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Summer | Yarrow


Meet Yarrow. Easily identified by her feathery leaves and tiny white or pink-coloured flowers, clustered tightly together to form umbrella-shaped heads.

You might know some of her other names such as wound medicine, milfoil, dog daisy, thousand leaf or Achillea millefolium



Watch the yarrow video embedded at the bottom of this page - also available to watch on YouTube and Vimeo.

Yarrow is a member of the Daisy family

and flowers in the UK from June to September.

It can be easily identified by its feathery leaves

and its tiny white or pink-coloured flowers,

clustered tightly together to form umbrella-shaped heads.

Its Latin name millefolium means 1000-leaved

because its leaves appear that profuse due to their many divisions.

The flowers, when rubbed between the fingers,

have a fragrant yet pungent, peppery smell that is very distinctive.

Be careful not to confuse yarrow with members of the carrot family

which can include deadly plants such as hemlock 

the appearance of the leaves and the fragrance of the yarrow flowers will help you distinguish one from the other.

However, if in doubt, leave alone as even touching hemlock can be dangerous.

With yarrow, the whole plant - the stem, leaves and flowers are used medicinally.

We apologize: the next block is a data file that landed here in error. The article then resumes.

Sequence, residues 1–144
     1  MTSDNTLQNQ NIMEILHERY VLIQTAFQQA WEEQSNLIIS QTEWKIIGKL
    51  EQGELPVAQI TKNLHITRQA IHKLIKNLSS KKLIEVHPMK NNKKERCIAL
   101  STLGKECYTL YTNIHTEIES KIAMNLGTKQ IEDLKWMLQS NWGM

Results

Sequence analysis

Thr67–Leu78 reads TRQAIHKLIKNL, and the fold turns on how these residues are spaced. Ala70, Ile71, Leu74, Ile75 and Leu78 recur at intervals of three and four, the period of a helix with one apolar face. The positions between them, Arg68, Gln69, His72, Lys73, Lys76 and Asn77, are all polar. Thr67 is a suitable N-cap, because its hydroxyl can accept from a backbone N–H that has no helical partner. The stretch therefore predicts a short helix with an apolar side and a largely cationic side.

It's a good idea to collect this plant in the summer and dry it

as it is a fantastic cold, flu and fever remedy

and would be very useful in the winter for such ailments.

Yarrow is also an excellent remedy for painful periods

as it increases the circulation to the womb

and helps boosts a woman's natural production of progesterone,

a vital hormone for healthy menstruation and fertility.

Taking yarrow tea three times a day can help to regulate irregular periods

and help periods become less painful.

It is recommended to avoid yarrow during pregnancy.

To make one cup of yarrow tea:

take a small handful of the fresh herb (meaning flowers, stem and leaves combined)

or a teaspoon of the dried herb and add a cup of boiling water.

Let sit, covered, for 5-10 mins and then drink while warm.

As a fever remedy and cold yarrow tea can be very effective at reducing high fevers in both adults and children.

It used be highly regarded as a treatment for malarial fevers

One teaspoon of the cold tea every couple of hours will be a sufficient dose for children under 5 years old.

One cup of yarrow tea, three times a day for adults

It's gently laxative properties also help, as once the bowels are open, if they have not been, recovery from a fever often soon follows.